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Federico Capasso of Harvard to receive the 2016 Balzan Prize for Applied Photonics

13 September 2016

photo of CapassoSPIE Fellow Federico Capasso of Harvard University, co-inventor of the quantum cascade laser (QCL), has been named recipient of the 2016 Balzan Prize for Applied Photonics.

The prize, which includes an award of 750,000 Swiss Francs (approximately €685,000; US$765,000), will be presented in Rome 17 November.

Capasso, the Robert L. Wallace Professor of Applied Physics at the Harvard School of Engineering and Applied Sciences, was recognized for his pioneering work photonic science and technology, particularly in the quantum design of new materials with electronic and optical features, which led to the realization of the QCL. The award also recognizes Capasso's major contributions in plasmonics and metamaterials.

Known as the father of bandgap engineering, Capasso and a team of researchers demonstrated the first QCL at Bell Labs in 1994. This fundamentally new light source featured an emission wavelength that could be designed to cover the mid- to far-infrared spectrum by tailoring the active region layer thickness. The QCL represented a radical departure from conventional solid-state lasers and made many IR diode lasers obsolete.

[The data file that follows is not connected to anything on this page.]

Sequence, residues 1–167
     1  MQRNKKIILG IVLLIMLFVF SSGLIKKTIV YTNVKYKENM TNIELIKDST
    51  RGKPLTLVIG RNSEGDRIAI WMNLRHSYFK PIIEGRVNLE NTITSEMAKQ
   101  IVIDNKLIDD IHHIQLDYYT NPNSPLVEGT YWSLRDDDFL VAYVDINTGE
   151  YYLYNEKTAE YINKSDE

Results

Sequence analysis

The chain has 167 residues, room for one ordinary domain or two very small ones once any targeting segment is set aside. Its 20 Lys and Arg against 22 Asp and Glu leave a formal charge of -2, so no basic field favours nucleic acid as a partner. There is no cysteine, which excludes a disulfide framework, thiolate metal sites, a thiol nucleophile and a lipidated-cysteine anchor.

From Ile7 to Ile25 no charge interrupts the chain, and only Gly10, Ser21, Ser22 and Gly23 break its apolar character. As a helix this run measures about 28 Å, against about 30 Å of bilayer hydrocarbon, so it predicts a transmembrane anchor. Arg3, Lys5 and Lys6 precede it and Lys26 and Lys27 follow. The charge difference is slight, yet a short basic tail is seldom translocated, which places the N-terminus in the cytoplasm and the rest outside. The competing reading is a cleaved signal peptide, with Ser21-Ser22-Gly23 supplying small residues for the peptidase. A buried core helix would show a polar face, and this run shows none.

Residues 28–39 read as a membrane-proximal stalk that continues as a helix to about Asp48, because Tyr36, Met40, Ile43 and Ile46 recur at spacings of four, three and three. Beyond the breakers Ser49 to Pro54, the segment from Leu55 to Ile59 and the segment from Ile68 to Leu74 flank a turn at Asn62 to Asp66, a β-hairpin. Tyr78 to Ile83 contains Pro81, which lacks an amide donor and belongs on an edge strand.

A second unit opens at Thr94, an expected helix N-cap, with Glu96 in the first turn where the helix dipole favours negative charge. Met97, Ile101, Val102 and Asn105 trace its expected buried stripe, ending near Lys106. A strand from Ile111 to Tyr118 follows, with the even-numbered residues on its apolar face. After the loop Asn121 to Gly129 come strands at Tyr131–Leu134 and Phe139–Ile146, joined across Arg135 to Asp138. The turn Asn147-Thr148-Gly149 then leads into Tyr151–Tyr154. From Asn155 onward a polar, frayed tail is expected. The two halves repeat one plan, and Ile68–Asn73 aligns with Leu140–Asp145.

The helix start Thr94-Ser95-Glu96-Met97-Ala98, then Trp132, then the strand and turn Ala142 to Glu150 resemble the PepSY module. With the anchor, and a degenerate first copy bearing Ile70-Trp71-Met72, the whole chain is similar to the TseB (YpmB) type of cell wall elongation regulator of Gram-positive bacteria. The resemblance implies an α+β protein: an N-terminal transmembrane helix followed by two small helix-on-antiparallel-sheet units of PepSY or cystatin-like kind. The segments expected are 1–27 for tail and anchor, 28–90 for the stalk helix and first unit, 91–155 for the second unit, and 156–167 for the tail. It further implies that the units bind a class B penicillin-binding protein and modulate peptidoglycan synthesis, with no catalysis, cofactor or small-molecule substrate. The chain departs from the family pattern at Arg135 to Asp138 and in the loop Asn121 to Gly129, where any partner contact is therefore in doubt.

QCLs are considered one of the most important developments in laser physics in the last 20 years and have transformed the field of photonics. They are used in a wide range of industrial, defense, and security applications, including exhaust sensing, explosives detection, medical diagnostics, infrared imaging and countermeasures, and many other precision sensing and spectroscopic applications.

Capasso's scientific accomplishments with QCLs and bandgap engineering also earned him the 2013 SPIE Gold Medal, the Society's highest honor, and a share of the 2015 American Academy of Arts and Sciences' Rumford Prize.

He has been an active SPIE member since the 1980s, presenting his groundbreaking work at SPIE conferences, organizing symposia, and teaching courses.

Capasso is a member of the Novel In-Plane Semiconductor Lasers conference at SPIE Photonics West and the co-author of a paper on tunable QCL sources to be presented at SPIE Security + Defence 28 September.

The International Balzan Foundation, founded in 1957, recognizes innovative research in the humanities (literature, the moral sciences and the arts) and in the sciences (medicine and the physical, mathematical and natural sciences).

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